Interval Training Has No Effect on Fat Oxidation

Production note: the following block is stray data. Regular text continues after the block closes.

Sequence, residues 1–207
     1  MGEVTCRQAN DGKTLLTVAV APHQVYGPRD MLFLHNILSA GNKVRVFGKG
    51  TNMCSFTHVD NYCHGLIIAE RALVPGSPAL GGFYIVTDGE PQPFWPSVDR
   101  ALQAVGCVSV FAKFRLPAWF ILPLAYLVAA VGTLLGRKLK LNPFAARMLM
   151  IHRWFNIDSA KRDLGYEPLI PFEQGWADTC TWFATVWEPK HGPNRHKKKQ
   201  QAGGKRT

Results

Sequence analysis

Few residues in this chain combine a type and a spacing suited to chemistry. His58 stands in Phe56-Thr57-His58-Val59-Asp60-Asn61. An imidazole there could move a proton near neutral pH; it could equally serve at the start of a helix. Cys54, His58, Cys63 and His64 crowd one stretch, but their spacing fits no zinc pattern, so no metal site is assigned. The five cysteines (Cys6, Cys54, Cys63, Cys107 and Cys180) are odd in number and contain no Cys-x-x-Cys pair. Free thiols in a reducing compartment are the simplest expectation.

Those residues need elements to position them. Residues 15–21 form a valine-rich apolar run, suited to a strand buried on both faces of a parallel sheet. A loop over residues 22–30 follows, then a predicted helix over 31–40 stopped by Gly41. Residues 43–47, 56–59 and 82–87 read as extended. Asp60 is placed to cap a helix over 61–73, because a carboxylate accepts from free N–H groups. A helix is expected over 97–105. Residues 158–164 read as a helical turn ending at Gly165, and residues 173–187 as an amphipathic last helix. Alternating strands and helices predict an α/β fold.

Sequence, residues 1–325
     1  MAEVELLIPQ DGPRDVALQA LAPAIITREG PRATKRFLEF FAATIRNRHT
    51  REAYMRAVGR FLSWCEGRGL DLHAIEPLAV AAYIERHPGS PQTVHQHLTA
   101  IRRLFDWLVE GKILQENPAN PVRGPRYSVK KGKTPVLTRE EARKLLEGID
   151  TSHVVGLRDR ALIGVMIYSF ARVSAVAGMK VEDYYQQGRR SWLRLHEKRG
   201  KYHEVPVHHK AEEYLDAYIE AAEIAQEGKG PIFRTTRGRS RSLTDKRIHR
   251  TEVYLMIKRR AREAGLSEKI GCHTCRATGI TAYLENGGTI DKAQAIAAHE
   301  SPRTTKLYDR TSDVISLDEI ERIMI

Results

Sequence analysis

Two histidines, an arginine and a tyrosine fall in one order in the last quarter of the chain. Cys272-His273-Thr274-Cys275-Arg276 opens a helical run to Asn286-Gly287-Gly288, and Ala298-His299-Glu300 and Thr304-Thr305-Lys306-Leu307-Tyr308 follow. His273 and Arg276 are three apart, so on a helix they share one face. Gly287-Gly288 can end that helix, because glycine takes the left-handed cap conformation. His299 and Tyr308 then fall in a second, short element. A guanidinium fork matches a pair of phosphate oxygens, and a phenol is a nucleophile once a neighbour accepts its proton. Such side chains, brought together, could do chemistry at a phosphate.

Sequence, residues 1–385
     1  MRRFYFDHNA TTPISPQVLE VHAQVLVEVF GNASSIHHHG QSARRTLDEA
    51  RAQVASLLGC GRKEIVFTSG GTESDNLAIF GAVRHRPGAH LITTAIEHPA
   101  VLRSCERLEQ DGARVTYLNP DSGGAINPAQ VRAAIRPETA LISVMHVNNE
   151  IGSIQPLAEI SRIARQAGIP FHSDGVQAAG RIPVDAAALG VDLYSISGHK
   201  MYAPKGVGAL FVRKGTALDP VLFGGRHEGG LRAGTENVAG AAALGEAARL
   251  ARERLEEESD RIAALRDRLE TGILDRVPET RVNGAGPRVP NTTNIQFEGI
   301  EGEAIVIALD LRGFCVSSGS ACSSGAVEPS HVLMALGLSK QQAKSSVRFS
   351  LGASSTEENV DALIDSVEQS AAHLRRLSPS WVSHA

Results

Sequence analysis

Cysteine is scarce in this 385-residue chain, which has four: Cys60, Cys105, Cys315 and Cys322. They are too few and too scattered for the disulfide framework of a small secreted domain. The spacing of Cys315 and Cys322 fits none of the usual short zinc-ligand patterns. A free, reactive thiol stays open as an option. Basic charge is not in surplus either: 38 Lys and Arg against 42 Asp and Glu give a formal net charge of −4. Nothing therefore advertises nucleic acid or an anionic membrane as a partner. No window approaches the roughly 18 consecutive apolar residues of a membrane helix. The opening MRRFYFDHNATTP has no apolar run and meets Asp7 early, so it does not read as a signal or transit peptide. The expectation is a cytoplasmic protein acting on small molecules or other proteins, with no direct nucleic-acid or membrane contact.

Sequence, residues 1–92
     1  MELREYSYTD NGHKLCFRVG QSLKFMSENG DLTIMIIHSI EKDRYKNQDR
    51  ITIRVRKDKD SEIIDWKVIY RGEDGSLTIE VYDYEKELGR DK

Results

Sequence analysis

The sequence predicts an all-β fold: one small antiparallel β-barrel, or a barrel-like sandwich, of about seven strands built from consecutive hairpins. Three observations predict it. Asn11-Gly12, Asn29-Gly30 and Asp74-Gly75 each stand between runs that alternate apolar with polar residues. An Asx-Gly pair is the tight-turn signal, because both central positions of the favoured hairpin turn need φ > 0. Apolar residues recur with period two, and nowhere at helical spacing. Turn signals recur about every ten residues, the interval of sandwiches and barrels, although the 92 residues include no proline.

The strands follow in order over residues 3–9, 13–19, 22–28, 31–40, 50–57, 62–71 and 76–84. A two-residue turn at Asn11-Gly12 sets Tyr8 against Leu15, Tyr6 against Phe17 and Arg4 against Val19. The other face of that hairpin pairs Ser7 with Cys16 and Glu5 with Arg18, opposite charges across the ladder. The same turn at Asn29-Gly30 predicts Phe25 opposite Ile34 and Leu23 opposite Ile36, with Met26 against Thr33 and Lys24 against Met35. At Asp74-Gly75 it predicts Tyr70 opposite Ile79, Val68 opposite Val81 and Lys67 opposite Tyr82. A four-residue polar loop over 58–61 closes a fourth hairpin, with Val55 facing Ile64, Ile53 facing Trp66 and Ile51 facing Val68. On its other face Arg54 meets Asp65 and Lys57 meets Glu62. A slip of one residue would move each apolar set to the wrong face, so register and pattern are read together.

Interval training causes substantial increases in fitness and physiological capacity. Recreationally active people improved aerobic and exercise capacity by 15 to 20 percent, glycogen storage by 28 percent and mitochondrial enzyme levels by 38 percent in only a few weeks of training. Many people exercise to control body composition, but the effects of interval training on weight control are not clear. Danish researchers found that six weeks of high-intensity interval training (HIIT) increased maximal oxygen consumption substantially, but had no effect on fat metabolism in fat cells. HIIT increased mitochondria (cell powerhouses) in skeletal muscle but not in fat cells. HIIT is a terrific way to build aerobic capacity rapidly, but should be complemented by traditional aerobic training for optimal fat loss. (Scandinavian Journal Medicine Science Sports, 25: e59-e69, 2015)

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